In an article of 1899 (Simplified Theory of Electrical and Optical Phenomena in Moving Systems, Proceedings of the Royal Netherlands Academy of Arts and Sciences, vol. 1, p427-442, 1899), Lorentz will observe that the contraction hypothesis naturally flows from the transformations, which he'll modify :

$x^\prime=\dfrac c{\sqrt{c^2-v^2}}x$, $y^\prime=y$, $z^\prime=z$, $t^\prime=t-\dfrac{v}{c^2-v^2}x$

In a paper of 1904 (Electromagnetic phenomena in a system moving with any velocity smaller than that of light, Proceedings of the Royal Netherlands Academy of Arts and Sciences, vol. 6, p809, 1904) Lorentz will give again different ones :

$x^\prime=klx$, $y^\prime=ly$, $z^\prime=lz$, $t^\prime=\frac lk t-kl\frac w{c^2}x$ with $k^2=\dfrac{c^2}{c^2-w^2}$

So we can clearly see that in 1904, the shape of these transformations is not fixed still, and will appear slowly, by trial and error.

The next year, 1905, Poincaré gives a talk at the Académie des Sciences, Sur la dynamique de l'électron which summarize the paper (Poincaré, 1905) he intends to present in Palermo, in which he confirms and corrects Lorentz's work of 1904, gives the corrected transformations their name

$x^\prime=kl(x+\epsilon t)$, $y^\prime=ly$, $z^\prime=lz$, $t^\prime=kl(t+\epsilon x)$ with $k=\dfrac 1{\sqrt{1-\epsilon^2}}$

and observes they must form a group :



So he gives them their definite shape 2 :

$x^\prime=k(x+\epsilon t)$, $y^\prime=y$, $z^\prime=z$, $t^\prime=k(t+\epsilon x)$ with $k=\dfrac 1{\sqrt{1-\epsilon^2}}$.


Einstein, founding father of a "super-law" (méta-loi)



Einstein is born in 1879 and studies at the Swiss Polytechnic Institute in Zurich, from 1896 to 1900. However, the lectures of his professor Heinrich Friedrich Weber (1843-1912) contains few if not any electromagnetism (Pais, 1993, p44 et p129) and is for him a lot less interesting than the modern book of August Föppl (1854- 1924) Einfürhung in die Maxwellsche Theorie der Elektrizität, Leipzig, Teubner, 1894, or Ernst Mach's book on mechanics (Pais, 1993, p44).
He also studies the work of a « supporter of Mach's philosophy » (Darrigol, 2005, p15), Paul Karl Ludwig Drude (1863-1906) with his book Physik des Aéthers, F. Enke, 1894.
So he learns electromagnetism by himself and is somewhat self-taught in modern physics. He does not depend on these ideas and builds his own point of view.

We've seen in the last post on Lorentz group Einstein's formulation of the principle of relativity, in his paper On the electrodynamics of moving bodies, and we can see that it is exactly equivalent to Poincaré's (let's remark that Einstein only knew of his book Science and hypothesis, 1902, at the time, and had no knowledge of the papers we mentioned above, see Pais, 1993).
But then, they still differ notably on three counts :


  • First of all, his motive is different. Einstein does not want to only correct Lorentz's theory, he rejects an asymmetry of Maxwell's theory in the induction effect, where a phenomenon receives two different explanations depending on the observer. It is this necessity of symmetry that justifies, in his view, the range of application of the principle of relativity to all of physics.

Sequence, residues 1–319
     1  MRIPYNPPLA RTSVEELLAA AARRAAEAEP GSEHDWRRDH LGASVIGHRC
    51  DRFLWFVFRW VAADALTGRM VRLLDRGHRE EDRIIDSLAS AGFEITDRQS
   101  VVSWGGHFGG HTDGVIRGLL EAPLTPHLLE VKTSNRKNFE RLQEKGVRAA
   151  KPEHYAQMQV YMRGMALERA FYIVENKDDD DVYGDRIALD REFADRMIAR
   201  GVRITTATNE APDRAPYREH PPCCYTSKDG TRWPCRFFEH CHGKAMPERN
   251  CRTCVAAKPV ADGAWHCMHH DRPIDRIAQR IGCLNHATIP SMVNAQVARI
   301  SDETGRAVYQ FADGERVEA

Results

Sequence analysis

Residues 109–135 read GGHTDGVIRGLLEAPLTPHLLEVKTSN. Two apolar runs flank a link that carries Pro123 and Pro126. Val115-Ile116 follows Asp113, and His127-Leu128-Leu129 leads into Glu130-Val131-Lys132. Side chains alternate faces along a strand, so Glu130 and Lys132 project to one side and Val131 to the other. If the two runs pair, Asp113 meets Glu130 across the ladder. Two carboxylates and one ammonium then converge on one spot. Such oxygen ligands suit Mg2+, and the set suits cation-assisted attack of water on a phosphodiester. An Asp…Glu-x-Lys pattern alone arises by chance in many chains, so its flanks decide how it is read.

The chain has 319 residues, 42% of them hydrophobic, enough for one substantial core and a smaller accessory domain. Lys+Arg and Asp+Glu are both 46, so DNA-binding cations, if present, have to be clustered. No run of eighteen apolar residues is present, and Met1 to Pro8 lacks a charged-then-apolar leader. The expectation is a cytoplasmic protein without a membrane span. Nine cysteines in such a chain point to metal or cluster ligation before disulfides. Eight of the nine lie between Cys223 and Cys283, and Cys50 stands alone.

• Then, the epistemological status of the principle is fundamentally different than that of Poincaré :
    Einstein sets a condition for the expression of all laws of physics.
    If an equation or a postulate are not invariant under a Lorentz transformation, then the principle of relativity assures us that they are not laws of nature. Einstein sees the principle of relativity as a universal property, established as an axiom, it is a guide and the basis of the theory, a principle theory. It is a law about the physical laws, a super-law (méta-loi).
    Moreover, the principle of relativity concerns space-time and gives to it a physical meaning even if this space is empty, baring no body (it is a kinematics, that is to say a condition for the expression of dynamics), wich Poincaré thinking about dynamics only could neither conceive, nor accept (Paty, 1987, p15).
    This consideration only allows us to clearly differentiate the principle's roles in the work of Poincaré and Einstein.

    To that, we have to add an important difference in style : Einstein constructs theories, with an axiomatic method, but Poincaré is merely a critic and suggests solutions, without ever building any complete theory, only presenting ideas historically (Rougé, 2008, p194).

  • At last, since the principle tells us that there can be no privileged reference frame to describe the laws of physics, a mechanical aether is an aberration, in total logical contradiction with the theory. To try to keep it would force us to take away its only physical property standing : its immobility (Einstein, 1921, p84).
    It is a concept that does not simplify anything according to Einstein, and is merely a source of contradiction, only causing problems without solving any.


Conclusion



We saw that it is Poincaré who names and formulates the principle of relativity, names and corrects Lorentz transformations, reports and exploits its group structure. To these examples, we could add that he establishes the method for synchronizing clocks by light signals (La mesure du temps, Revue de métaphysique et de morale, T.6, janv 1898), the formula of additivity of velocities, the invariance of Maxwell's equations in vacuum, and the hypothesis of the speed of light limit (Poincaré, 1905). Let's not forget that he also already uses a quadridmensional formalism that will inspire the future works of Minkowski, and then some. What is left ?
He clearly masters most of the concepts and technical tools of what we call now the special relativity theory, except (and it is fundamental !) that it is to him just corrections brought to Lorentz works, part of a dynamics, and what's more, depending upon Maxwell's electromagnetic theory.
That's what makes Einstein the real father of the theory, because he presents in his 1905 paper all of these points (except the importance of the group structure of Lorentz transformations) in a coherent theory, building a kinematics on which the laws of physics will depend (and not the other way around), including those of electromagnetism.
Still, Poincaré surely stays a great and major precursor amongst all physicists and mathematicians who played a role in the history of the theory of special relativity.




Notes :


1. During the 18th world fair, occurring from April 30th to December 1st of 1904.